18636_08
Trevor in the flat pitch of some false summits.

Don't get me wrong, I like flat pitches. But when there are multiple false summits after an already long slog up a steep slope, it can get mentally exhausting. Please, do yourself a favor, and find the trail. It will make you much happier. And it will make the going much easier.

We finally made it to the summit at around 8:52-8:54am. A little bit before our projected time! We made quick work of what we thought was slow-going. Thank you mental game! It's a big summit with a few wind shelters, a summit marker, and some collapsed brick structures. I don't know much about the history of Mt. Ouray, but it was fun to explore. Excellent views of Savano, Tabeguache, the Sangres, and more. By the way, if you haven't had goldfish on the summit, you're missing out. It's been one of my standard summit snacks, and it's hard to beat.

18636_11
Summit view

After about 30 minutes, we hit the trail and meandered back down the same way we came. There is an option to make a loop and go down the other ridge, but we were content retracing our ascent steps. We followed the trail a bit too far though. This is where that blue line comes in on the photo earlier in the post. We went past a large cairn with a wood spoke then angled down... it was a steep slope to descent. I would recommend following the line you took up and angle down toward the basin. Your knees and ankles will thank you.

Do take notes of the line you took through the bristlecones too. There is a faint trail you can find again and then descend back through the gully. We did not encounter much bushwhacking at all on this route, just gorgeous trees, flowers, and views. Mt. Ouray is a daunting mountain - she's big and powerful. We only saw a few other people ascending through the aspens and bristlecones as we were on our way back to the car. They didn't look like folks attempting a summit push though. Before noon we made it back to the car. A few other cars had parked, though we only saw one man with his car - and he asked what was up the trail - a lake? Surprisingly, no. No water but the creek and some mountains to climb. He then walked away and left us to change shoes. I opened my standard Hi-Ball Energy Water for the drive home, and off we went.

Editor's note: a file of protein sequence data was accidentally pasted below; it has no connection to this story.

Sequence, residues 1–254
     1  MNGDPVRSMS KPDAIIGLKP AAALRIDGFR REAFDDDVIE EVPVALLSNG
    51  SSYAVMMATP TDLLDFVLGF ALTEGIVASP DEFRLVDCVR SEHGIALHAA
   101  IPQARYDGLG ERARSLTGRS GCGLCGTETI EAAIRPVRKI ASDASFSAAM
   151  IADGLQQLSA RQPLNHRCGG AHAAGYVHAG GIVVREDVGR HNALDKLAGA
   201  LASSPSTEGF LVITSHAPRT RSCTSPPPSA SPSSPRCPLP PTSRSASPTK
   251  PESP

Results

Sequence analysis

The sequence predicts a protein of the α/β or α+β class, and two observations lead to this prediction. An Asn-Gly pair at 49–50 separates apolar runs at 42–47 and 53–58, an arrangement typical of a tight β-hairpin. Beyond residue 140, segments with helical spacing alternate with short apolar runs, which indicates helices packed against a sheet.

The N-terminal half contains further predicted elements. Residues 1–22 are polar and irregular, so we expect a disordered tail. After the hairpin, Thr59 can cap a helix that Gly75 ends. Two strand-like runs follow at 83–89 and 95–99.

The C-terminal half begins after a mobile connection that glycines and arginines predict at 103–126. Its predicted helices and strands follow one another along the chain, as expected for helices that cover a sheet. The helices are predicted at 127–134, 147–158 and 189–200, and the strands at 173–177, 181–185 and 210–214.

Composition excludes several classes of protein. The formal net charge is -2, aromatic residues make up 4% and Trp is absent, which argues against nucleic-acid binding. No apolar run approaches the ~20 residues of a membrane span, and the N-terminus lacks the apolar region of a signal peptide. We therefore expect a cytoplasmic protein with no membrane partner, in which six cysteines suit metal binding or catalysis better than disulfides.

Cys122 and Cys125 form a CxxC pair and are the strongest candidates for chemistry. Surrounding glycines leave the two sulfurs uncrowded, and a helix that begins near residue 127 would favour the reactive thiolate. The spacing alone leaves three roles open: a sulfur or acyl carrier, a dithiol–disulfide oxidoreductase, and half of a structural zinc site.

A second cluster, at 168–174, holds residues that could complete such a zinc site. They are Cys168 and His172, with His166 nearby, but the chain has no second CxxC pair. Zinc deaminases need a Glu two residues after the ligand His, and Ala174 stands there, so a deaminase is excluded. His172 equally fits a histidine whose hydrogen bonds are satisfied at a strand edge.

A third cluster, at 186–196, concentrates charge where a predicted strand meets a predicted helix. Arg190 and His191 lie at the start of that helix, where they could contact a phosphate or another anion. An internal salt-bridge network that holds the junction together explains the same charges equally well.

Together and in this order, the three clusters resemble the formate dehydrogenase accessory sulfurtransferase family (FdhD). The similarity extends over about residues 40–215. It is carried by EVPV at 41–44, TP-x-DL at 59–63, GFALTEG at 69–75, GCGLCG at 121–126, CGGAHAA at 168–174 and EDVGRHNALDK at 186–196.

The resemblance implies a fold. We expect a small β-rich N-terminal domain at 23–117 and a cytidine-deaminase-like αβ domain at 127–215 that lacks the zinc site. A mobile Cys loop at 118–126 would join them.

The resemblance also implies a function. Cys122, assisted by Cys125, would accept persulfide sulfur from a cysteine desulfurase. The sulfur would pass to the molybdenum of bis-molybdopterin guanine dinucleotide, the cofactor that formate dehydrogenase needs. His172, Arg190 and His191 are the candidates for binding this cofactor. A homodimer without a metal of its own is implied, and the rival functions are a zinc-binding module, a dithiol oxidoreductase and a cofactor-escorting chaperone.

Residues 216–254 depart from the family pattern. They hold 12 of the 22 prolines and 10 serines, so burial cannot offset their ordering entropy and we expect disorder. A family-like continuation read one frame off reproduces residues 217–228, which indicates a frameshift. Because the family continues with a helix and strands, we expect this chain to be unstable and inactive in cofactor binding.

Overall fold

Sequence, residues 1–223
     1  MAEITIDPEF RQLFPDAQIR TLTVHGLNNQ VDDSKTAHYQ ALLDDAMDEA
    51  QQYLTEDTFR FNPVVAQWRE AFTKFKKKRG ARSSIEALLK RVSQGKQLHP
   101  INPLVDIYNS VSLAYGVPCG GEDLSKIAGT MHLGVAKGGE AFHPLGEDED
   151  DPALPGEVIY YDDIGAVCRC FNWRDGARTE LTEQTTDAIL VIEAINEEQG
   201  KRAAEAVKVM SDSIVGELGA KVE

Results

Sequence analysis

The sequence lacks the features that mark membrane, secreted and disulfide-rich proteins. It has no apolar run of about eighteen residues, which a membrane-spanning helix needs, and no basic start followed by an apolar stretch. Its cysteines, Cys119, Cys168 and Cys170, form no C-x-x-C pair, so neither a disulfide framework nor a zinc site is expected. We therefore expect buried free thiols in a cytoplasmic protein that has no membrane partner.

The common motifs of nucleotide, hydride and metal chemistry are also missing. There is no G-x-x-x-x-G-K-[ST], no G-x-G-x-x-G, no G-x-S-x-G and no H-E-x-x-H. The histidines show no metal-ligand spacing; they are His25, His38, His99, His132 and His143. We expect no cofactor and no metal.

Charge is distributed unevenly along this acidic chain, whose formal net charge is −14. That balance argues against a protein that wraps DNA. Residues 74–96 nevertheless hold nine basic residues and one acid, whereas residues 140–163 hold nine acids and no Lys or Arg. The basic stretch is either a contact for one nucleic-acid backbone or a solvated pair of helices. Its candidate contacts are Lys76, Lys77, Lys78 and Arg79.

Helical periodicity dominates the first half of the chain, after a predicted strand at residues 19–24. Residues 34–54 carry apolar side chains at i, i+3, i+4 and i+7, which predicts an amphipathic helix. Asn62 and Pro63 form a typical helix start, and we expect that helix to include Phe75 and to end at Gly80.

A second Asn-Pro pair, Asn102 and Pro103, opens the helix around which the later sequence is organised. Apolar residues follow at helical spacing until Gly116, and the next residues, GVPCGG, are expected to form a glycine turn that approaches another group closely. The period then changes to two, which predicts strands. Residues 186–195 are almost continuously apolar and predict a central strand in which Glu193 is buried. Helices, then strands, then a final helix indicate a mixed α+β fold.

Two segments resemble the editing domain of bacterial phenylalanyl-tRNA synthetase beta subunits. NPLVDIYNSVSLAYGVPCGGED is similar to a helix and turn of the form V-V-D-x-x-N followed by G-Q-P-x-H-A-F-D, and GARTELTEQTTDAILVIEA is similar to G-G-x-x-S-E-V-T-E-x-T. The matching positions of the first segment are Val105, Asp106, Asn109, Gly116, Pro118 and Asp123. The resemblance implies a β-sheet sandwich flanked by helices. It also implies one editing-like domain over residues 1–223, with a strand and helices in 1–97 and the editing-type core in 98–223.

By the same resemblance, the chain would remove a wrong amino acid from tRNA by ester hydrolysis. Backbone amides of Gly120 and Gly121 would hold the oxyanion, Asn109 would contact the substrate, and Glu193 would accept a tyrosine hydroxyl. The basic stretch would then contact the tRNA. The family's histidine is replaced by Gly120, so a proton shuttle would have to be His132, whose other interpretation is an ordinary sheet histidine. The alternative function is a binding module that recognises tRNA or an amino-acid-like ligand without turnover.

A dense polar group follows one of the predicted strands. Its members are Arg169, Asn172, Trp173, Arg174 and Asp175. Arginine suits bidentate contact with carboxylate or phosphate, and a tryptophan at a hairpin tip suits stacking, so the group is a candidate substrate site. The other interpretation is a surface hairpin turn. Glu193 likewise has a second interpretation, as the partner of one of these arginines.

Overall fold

18636_10
View of Mt. Ouray from the dirt road on the drive out.

Overall, Mt. Ouray was a successful (and surprisingly fast) day. Take the standard preparations for a 13er - know your route, plan your line, and go for it. You never know what you'll encounter or where the route will take you but that's why we go for 13ers, isn't it? The solitude and additional challenge.




Thumbnails for uploaded photos (click to open slideshow):
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 Comments or Questions
Trotter

nice
06/15/2018 19:01
good beta for the less popular side


huffy13


Nice job.
06/16/2018 15:50
My son and I took his cross country teammates on a trek up Ouray a few years ago. It was a lot of fun, but finding a trail up the grassy slopes to the ridge was a tedious and time consuming endeavor. Still a great mountain with some great views all along the way.


Rick Canter
which way to 13971'?
06/21/2018 15:51
For those familiar with this mountain, which way is the least-calorie burn? North along the Divide from Marshall Pass, with more bushwack, but shorter, or this Devils Armchair route with trails most of the way?